How an Audio Technician Troubleshoots Conference Audio

Large panel audience for business conference, set up by audio technician

For audio technicians, it is an important job to ensure that any conference meetings that take place do not hit roadblocks. Although an audio technician pays a lot of attention and helps to prevent these mishaps, it’s also important to know how to troubleshoot these problems.

This is why it is important for an audio technician to gain this valuable knowledge through extensive training in audio production programs.

Common Audio Issues in Business Conference Settings

There are four main audio problems that come up all the time in business conference environments that a technician identifies and solves. In no particular order, common issues that a technician encounters are: low volume, delays in communication, feedback and echoes, and poor call signals.

How Audio Technicians Address Volume Concerns

When it comes to issues of low volume, an audio technician tests all of the microphones in the conference room thoroughly before the meeting takes place. After this, the tech sets the desired volume for the meeting.

If one of the microphones drops in volume as the meeting is taking place, the tech springs into action and adjusts the volume subtly. If a VoIP system is in use, the tech checks the bandwidth signal on both the upload and download channels.

Poor Call Signals

This leads us into the issue of poor call signals overall. An audio tech checks the bandwidth’s speed of the signal if it’s a VoIP conferencing system. This helps to also see if there’s any other applications that could be interfering with the bandwidth use.

During this test, the audio technician also checks for malware and spyware that slows the signal. Another aspect deals with the jitter and jitter buffer effect. “Jitter” refers to that amount of variation in arrival times of the voice packets that conversations are bundled in. The jitter buffer collects all of these packets and sends them from one receiver to another at an even rate.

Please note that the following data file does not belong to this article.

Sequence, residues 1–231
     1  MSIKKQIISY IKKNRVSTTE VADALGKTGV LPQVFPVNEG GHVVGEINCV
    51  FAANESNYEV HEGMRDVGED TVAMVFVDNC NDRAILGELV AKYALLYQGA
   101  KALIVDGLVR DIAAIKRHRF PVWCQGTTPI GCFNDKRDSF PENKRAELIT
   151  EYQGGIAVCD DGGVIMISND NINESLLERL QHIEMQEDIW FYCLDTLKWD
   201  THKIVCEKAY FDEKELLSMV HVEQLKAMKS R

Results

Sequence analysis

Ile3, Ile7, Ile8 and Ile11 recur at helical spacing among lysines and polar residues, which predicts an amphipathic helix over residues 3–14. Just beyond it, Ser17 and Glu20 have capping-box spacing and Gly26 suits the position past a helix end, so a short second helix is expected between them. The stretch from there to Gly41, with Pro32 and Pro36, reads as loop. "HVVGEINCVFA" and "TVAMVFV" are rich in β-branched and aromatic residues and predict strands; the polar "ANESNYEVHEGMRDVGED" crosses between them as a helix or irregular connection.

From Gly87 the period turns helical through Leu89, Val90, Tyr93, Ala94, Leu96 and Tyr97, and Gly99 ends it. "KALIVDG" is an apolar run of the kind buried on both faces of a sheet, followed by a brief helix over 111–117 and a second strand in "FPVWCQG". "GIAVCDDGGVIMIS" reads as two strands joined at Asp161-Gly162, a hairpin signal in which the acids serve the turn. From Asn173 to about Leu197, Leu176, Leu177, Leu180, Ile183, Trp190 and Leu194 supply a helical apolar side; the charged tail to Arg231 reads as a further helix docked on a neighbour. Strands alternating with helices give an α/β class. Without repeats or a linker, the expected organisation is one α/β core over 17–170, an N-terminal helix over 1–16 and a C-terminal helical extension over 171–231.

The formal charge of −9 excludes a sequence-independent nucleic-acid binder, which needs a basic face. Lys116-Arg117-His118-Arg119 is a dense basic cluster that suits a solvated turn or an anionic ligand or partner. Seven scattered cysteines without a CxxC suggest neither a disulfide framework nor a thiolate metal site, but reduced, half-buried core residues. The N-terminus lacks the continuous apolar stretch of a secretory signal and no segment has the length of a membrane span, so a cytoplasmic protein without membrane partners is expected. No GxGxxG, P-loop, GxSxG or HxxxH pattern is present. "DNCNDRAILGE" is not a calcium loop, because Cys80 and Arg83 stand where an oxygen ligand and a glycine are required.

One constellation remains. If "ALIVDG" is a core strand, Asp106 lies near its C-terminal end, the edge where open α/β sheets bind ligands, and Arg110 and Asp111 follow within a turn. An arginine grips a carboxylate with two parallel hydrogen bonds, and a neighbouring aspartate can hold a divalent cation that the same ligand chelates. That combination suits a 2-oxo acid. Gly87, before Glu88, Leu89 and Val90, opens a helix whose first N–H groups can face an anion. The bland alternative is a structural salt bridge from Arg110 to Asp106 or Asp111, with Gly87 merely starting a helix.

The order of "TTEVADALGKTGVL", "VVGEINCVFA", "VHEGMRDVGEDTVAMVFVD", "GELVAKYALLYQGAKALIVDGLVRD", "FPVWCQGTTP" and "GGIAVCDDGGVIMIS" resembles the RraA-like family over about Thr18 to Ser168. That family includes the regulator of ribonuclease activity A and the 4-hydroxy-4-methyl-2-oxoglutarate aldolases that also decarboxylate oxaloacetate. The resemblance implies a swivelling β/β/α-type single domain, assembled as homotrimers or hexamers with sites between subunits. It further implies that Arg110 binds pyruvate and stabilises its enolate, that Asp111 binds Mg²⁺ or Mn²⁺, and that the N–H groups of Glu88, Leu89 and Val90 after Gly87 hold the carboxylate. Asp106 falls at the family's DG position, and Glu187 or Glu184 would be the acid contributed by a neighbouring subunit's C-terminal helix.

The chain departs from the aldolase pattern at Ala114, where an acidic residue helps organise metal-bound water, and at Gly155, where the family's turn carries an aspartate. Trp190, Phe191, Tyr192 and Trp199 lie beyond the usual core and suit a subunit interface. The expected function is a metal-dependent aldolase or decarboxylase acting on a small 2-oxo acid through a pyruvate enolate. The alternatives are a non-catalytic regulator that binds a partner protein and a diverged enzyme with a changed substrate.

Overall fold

Feedback & Echoes

When it comes to feedback and echoes, solutions are a little bit trickier for an audio tech. This of course depends on the conferencing system being used.

A computer-based systems tends to have more echo problems than one which utilizes microphones and speakers. One main issue that people encounter is an electromagnetic interference. This issue can be solved by disconnecting any splitters from the router. If this does not work, the audio technician can move the router away from the computers.

Sound Delays

Lastly, communication delays may result in choppy audio. This can be solved by working on bandwidth issues as mentioned before. In some cases, there many be applications that drain the bandwidth. An audio tech can also troubleshoot the router’s quality of service by switching it to prioritize voice applications. After this, the audio tech should turn off other computers on the network and monitor bandwidth uses.

Businesses rely on a level of high efficiency and seamless productivity to be successful, and conference calls are a huge method of communication. Those trusted to manage these meetings work hard to maintain a professional quality.

Want to Learn More?

If this intrigues you enough to learn more, take a moment to check out IPR’s Audio Production and Engineering Program and the training that they provide on-site about the tools needed to succeed in performing these duties.

Contact us today to learn more about the audio production and engineering program and starting a rewarding career in the music industry.